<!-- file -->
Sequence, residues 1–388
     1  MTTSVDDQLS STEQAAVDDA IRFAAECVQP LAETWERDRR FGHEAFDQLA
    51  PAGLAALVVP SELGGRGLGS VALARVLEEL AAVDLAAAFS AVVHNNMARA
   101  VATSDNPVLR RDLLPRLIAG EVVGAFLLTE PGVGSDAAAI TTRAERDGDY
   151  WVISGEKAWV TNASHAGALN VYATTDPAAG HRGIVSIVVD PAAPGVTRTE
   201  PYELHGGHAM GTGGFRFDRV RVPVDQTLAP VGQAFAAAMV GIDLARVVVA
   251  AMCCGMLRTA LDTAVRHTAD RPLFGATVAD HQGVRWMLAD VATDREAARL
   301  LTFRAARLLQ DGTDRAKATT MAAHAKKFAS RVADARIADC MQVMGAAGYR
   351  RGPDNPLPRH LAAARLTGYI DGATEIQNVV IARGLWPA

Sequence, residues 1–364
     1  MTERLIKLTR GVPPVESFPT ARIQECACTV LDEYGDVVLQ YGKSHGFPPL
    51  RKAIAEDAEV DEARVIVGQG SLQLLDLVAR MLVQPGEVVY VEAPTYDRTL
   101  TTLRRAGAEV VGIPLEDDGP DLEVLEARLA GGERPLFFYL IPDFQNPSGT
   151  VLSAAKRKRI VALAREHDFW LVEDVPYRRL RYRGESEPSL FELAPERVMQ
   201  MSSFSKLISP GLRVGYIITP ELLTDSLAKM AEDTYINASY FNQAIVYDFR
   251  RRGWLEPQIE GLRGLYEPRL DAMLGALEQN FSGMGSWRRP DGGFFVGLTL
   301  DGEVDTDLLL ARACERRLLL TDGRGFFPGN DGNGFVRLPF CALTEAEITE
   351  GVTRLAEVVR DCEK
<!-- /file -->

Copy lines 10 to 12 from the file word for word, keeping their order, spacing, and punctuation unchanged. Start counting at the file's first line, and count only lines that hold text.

Sequence, residues 1–364
     1  MTERLIKLTR GVPPVESFPT ARIQECACTV LDEYGDVVLQ YGKSHGFPPL
    51  RKAIAEDAEV DEARVIVGQG SLQLLDLVAR MLVQPGEVVY VEAPTYDRTL